To help me explain further, I want to draw on an example from Defcon in 2016. For those who are not familiar, DARPA unveiled their two year long contest championship known as the Cyber Grand Challenge. It was a historic event putting machines against machines, attacking zero day vulnerabilities based on real world vulnerabilities, as well as rebuilding and defending your systems at the same time. Scoring was simple, you were judged each round on the following concepts:
- Availability – Is your program still working and available?
- Defense (Security) – Did anyone exploit your program?
- Offensive (Evaluation) – Did you get into someone else’s program?
The results were quite impressive, you can watch a full analysis on YouTube. However after the groundbreaking concepts, it seemed the traction faded shortly after. Voting machines and Autonomous driving took over the stage the next years, and we hadn’t seen a lot of traction in the industry since. The winner, ForAllSecure, did recently raise a series B round in 2022, but It seemed the overall concepts and technologies were poorly shared with industry or even implemented broadly at both the federal and private sector.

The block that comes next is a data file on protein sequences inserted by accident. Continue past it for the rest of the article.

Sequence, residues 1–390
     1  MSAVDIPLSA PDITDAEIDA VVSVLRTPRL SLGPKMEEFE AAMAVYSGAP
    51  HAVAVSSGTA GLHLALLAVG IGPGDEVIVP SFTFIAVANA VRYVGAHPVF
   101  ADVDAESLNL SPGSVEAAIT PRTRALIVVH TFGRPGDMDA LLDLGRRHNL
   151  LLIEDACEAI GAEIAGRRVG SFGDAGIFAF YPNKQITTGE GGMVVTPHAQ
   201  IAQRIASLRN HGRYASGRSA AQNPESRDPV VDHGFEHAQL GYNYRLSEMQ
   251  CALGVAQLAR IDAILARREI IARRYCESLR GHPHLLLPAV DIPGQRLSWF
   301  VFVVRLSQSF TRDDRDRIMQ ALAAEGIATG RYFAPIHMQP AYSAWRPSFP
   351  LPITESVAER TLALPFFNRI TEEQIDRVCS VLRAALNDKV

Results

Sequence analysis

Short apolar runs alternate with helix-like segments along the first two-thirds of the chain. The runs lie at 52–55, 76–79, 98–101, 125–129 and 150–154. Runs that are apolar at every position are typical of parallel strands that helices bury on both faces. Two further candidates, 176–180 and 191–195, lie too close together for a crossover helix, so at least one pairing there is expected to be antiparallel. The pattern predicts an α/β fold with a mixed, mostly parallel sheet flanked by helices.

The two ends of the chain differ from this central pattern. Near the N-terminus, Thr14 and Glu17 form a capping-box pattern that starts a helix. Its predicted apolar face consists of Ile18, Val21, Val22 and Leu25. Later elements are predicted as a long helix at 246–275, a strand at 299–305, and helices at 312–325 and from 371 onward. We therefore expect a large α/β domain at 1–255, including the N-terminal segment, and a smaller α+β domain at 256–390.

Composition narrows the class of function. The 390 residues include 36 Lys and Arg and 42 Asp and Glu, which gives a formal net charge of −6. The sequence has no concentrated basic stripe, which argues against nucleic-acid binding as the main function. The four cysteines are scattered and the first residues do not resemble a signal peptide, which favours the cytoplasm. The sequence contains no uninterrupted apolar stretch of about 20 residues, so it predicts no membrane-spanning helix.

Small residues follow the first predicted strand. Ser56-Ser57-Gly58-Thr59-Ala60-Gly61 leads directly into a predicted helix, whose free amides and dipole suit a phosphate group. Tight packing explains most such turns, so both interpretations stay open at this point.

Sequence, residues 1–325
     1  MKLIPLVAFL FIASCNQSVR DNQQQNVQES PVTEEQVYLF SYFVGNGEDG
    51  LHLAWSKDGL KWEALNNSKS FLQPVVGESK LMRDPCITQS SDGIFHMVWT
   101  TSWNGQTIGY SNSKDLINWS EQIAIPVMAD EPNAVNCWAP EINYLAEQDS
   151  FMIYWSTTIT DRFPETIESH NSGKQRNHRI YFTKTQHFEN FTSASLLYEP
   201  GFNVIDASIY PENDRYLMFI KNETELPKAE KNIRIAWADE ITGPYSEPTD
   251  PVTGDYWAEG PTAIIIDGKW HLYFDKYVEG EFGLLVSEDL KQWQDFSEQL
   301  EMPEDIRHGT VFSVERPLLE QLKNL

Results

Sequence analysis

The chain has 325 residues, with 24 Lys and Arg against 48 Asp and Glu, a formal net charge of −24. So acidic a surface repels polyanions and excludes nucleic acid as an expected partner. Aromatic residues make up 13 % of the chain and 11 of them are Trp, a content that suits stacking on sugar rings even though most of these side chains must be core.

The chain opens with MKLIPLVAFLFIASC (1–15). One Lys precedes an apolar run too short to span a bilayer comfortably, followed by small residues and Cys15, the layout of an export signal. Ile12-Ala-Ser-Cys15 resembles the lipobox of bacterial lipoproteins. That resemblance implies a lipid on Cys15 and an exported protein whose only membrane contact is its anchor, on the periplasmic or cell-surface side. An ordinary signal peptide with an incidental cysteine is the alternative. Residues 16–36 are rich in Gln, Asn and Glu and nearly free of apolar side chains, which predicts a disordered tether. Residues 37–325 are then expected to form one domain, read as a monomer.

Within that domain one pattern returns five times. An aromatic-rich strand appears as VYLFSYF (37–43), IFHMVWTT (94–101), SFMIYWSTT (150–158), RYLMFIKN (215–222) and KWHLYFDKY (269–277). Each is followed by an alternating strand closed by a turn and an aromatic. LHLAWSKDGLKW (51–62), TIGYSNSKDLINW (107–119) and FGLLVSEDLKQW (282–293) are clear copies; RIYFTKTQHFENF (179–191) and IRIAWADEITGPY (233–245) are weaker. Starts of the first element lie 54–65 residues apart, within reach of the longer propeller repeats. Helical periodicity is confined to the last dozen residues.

While the concept was novel, the technology was quite nascent. Fast forward to today and DARPA said they are doing it again at Defcon in 2024 and 2025, this time in partnership with Anthropic, Google, Microsoft and OpenAI and over $18 million USD in prizes. The results are bound to be stunning with over 8 years of improvements. With so many open source projects and the growing surface area of third party programs, I am a strong believer that the only way to fix vulnerability management is to have dynamic patching instead of traditional human-led patching. The registration is open here, I’m excited to see what’s in store next year.